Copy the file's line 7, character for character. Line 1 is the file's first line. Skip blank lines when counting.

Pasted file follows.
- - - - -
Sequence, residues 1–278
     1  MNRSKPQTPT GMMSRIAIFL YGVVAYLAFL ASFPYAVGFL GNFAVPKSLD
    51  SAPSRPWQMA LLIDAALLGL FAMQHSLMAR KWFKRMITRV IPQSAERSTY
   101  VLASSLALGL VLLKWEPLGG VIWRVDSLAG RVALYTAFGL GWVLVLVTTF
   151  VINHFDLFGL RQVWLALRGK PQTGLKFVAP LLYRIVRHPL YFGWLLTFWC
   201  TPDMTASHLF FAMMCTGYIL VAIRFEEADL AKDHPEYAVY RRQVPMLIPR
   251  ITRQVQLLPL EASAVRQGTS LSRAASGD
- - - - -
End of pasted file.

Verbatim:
   251  ITRQVQLLPL EASAVRQGTS LSRAASGD